The Meatwave: Barbecue & Grilling Recipes, Reviews, Tips, and Tricks

Thu Jan 31, 2013

Sauced: Frank's RedHot Kickin' BBQ Sauce

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Frank's Red Hot Kickin' BBQ Sauce

Sauce Stats

Name
Frank's RedHot Kickin' BBQ Sauce
Produced by
Cost
Approximately $4.50 for 12oz at your local grocery.
Ingredients
Distilled Vinegar, High Fructose Corn Syrup, Water, Aged Cayenne Red Peppers, Tomato Paste, Salt, Modified Food Starch, Honey, Molasses, Sugar, Canola Oil, Paprika, Mustard Bran, Natural Flavors, Garlic Powder, Sodium Benzoate, Xanthan Gum, Spices, Caramel Color and Corn Syrup
Color
Red-orange
Meatwave Rating
410
out of 10
Just OK
More Sauce Reviews

A sugary version of Frank's RedHot original sauce, this "barbecue" sauce is more likely leaving you wishing for the real deal than making delicious chicken or ribs.

Frank's Red Hot Kickin' BBQ Sauce

Background

It's Superbowl time, and that means wings, and there's only one sauce for Buffalo wings in my opinion, Frank's! While my house is never without a bottle of their original RedHot sauce, I didn't even know Frank's had a barbecue sauce until Meatwaver Tyson tipped me off, confessing it's a guilty pleasure of his. So I went to my local grocery, and low-and-behold, on the shelf sitting next to the Frank's RedHot I'm so accustomed to was this "Kickin' BBQ" sauce.

Along with the finding the barbecue sauce, I also did a little background research on Frank's. I knew that the sauce rose to notoriety after Teressa Bellissimo doused some fried wings in it at the Anchor Bar and Grill in Buffalo, New York in 1964. What I didn't know was the sauce actually dates back to 1918 when Jacob Frank, of the Frank Tea and Spice Company, partnered with Adam Estilette, a pepper farmer from New Iberia, Louisiana, and they worked together to create the aged cayenne pepper sauce that became Frank's RedHot. It hit the shelves two years later, and the rest is history. Today, Frank's continues to make its original its original sauce along with seven other varieties.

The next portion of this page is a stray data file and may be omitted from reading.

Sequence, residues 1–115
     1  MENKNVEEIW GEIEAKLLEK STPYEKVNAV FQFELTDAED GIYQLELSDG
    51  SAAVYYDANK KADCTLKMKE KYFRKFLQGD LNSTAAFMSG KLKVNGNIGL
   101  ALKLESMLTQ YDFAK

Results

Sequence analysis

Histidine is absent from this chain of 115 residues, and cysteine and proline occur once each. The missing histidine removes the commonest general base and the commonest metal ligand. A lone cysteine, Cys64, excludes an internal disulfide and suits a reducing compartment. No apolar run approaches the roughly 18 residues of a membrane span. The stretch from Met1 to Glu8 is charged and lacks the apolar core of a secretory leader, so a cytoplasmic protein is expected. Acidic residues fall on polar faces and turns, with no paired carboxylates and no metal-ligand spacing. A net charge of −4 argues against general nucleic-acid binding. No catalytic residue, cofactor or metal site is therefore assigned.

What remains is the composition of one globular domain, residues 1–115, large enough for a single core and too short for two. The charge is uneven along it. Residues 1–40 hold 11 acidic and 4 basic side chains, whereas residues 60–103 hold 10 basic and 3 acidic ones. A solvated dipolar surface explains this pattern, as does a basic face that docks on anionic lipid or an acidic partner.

Aroma

With side-by-side comparison, the aroma is exactly what you'd expect from Frank's RedHot. There's a strong tangy cayenne smell that singes the nose, although this barbecue version is notable less intense. There's also a hint of sugary sweetness behind the hot sauce, but not much else pops out as a distinguishing factor from the original—it's a ubiquitous Buffalo wing smell.

Thickness & Texture

The color of this sauce borders between red and orange, with a slight neon tinge that defines the appearance of buffalo sauce. It sits right in the middle of the thickness scale and is incredibly smooth with virtual no spices visible. The sauce falls in a consistant steady stream from suspended spoon, with a few final drips as it slows, and a transparent coating left clinging.

Out of the Jar

Frank's RedHot Kickin' BBQ has more in common with a scaled back wing sauce than a barbecue sauce, but I guess that's to be expected to some extent. There's a buttery flavor that features the cayenne and vinegar tang of Frank's upfront and center. There's a slight sweetness to it, but the corn syrups and sugars do more to lessen the intensity of the hot sauce rather than make it taste like barbecue.

Frank's Red Hot Kickin' BBQ Sauce

Slathered & Cooked

The sauce coated and baked in well, and there was on slight caramelization over direct heat. After being cooked, the sauce did feel a bit more like a barbecue sauce. The sugars became more prominent and mixed with the vinegar for a sweet and tangy initial bite. As the sauce settled on the tongue, the flavor of Frank's become very apparent, although packing little punch compared to the original hot sauce. The cayenne burn only kicked in after subsequent bites of the chicken as the sauce built up on the lips and tongue.

Put to Use

I understand Tyson's attraction to this "guilty pleasure," as the flavor of Frank's is nearly impossible to resist. That being said, it doesn't really live up to its label as a barbecue sauce. Out of the jar that sauce tasted like a scaled back version of the original Frank's, which left me wanting more heat to bring it in line with the flavor that I know and love. It did taste more barbecue sauce like after being cooked, with some sweetness starting off the flavor profile, followed by waves of vinegar tang and then peppery heat. Still, being Frank's, I found this inferior to the original and really just wanted that. Maybe Frank's is too ingrained in my psyche as one thing—Buffalo wings—but it does that one thing so damn well that this barbecue sauce version just can't compete when it's more of sweetened version of the original than a good barbecue sauce.

Comments

  • 01
  • Chris says
    I haven't noticed that one on the shelves here.
    Posted Tue, Feb 5 2013 3:09pm

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